2.  The fruit of prayer is faith.  In your silence and prayer, you will begin to understand wherein lies your faith.  What comes to mind first?  Is it yourself?  Your nation?  Your money?  Your material goods?  Your personal security?  Your fears?  Your ambitions?  Your family?  God?  God’s creation? 

3.  The fruit of faith is love.  As your silent prayers lead you to understand where you place your faith, you will learn what and whom you love.  You also will better understand who loves you.   In this silence God’s untiring love and acceptance can sometimes become clearer.  Likewise for understanding which people offer you untiring love and acceptance and which people need your untiring love and acceptance.   

4.  The fruit of love is service.  Clearer understanding of love inspires service in almost an infectious way.  What does God want you to do?  Does your understanding of God’s will conveniently resemble your own will or does it resemble care for the totality of creation?

Our actions loudly express our definition of love.  This is where the gospels’ good news messages come to life.  Be slow to judge and quick to forgive.  Seek truth rather than justifications.  Care for the poor, ill, weak, and marginalized rather than create, ignore or worsen their situations.

Beginning with Rerum Novarum, Catholic social teachings introduced the concept of “subsidiarity”, an organizing principle that speaks of the need to balance between individual and government efforts to care for people.  It was written in response to a growing concern stemming from communism that people would abdicate personal responsibility completely to the government for the care of people by saying “it’s the government’s job to care for people.”   Quite simply, subsidiarity says that society should use the smallest, most local entity that can effectively address needs.  It does not swing the pendulum all the way back to no government responsibility. 

We must return to subsidiarity’s original meaning rather than the perverted self-serving, selfish, politicized ones of late, used as excuses to slash human services from governmental budgets so as to keep more money for one's self.  If a governmental entity provides the most effective way to address the need, then Catholic teaching says the government should address it and individual citizens should pool their tax monies to fund it.  If individuals can most effectively address it, then they should.  Sometimes a labor union best helps address the situation.  For this reason, Catholic social teaching strongly supports the right for workers to organize and engage in collective bargaining.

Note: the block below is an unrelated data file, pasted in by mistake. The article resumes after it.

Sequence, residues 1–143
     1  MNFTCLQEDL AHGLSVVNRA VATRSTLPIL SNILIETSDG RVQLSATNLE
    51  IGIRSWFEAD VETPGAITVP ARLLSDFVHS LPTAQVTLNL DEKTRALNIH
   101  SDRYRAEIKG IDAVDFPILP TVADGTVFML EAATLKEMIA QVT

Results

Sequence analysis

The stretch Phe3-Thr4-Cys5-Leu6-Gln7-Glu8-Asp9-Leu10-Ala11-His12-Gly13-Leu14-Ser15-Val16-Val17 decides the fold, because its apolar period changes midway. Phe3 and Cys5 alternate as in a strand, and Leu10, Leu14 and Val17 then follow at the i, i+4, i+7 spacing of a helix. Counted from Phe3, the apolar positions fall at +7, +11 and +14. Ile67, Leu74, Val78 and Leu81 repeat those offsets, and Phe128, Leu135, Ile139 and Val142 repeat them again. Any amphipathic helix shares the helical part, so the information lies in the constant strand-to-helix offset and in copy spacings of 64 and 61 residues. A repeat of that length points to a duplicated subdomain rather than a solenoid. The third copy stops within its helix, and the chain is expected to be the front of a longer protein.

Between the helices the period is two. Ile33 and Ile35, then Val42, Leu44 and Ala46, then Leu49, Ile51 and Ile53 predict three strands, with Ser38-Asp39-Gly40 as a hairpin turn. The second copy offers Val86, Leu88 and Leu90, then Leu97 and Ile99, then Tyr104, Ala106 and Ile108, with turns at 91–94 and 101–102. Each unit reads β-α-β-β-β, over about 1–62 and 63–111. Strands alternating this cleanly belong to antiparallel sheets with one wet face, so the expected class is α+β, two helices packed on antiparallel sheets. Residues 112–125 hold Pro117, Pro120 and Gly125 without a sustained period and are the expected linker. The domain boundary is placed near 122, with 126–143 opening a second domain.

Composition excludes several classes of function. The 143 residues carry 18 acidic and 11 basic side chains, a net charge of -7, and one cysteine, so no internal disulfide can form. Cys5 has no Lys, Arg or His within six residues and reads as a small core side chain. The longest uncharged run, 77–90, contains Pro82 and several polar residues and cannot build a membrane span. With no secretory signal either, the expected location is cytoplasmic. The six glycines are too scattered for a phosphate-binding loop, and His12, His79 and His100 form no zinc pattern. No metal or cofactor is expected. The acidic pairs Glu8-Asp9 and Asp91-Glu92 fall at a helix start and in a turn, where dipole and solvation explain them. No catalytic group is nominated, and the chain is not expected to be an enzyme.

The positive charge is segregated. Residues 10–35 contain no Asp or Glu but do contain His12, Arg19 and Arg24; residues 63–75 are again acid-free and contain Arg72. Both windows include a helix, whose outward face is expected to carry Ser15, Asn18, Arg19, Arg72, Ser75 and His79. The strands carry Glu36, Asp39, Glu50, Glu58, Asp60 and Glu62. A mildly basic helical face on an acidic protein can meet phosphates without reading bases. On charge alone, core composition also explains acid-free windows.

Subsidiarity encompasses individual, collective union and governmental efforts as valid potential responsible organizations for addressing society’s needs.  The question is not “should I pay for this”; it is “how shall I pay for this.”  The difficulty lies in determining the most effective approach.  In some cases, such as millions of people lacking healthcare, we can easily say that the current approach is not effectively living the gospel value of caring for the sick.  In such instances, “any” versus “the most” effective approach is a vast improvement and highly moral.

Millions of impoverished people can seem daunting.  It is easy to think their care is beyond my scope and abilities to address.  Yet, subsidiarity challenges individuals to not use this as an excuse to become selfish, detached or callous.  It challenges us to understand our role in creating or fixing massive problems.  It challenges us to loosen the grip on our money either to generously share it directly with the poor or to pool it with other people’s money via taxes, charities or union dues.  And it challenges us to do this without judging while at the same time trying to understand and address root causes.